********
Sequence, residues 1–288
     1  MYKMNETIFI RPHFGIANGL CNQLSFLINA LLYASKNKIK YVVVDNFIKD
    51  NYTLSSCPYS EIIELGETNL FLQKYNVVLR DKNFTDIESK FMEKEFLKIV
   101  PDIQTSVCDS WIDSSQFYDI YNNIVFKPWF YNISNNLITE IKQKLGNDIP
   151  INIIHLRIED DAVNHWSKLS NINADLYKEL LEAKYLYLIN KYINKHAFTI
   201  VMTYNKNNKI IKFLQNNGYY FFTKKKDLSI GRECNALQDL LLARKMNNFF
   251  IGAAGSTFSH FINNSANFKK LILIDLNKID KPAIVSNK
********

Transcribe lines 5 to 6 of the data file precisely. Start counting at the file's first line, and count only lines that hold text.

   151  INIIHLRIED DAVNHWSKLS NINADLYKEL LEAKYLYLIN KYINKHAFTI
   201  VMTYNKNNKI IKFLQNNGYY FFTKKKDLSI GRECNALQDL LLARKMNNFF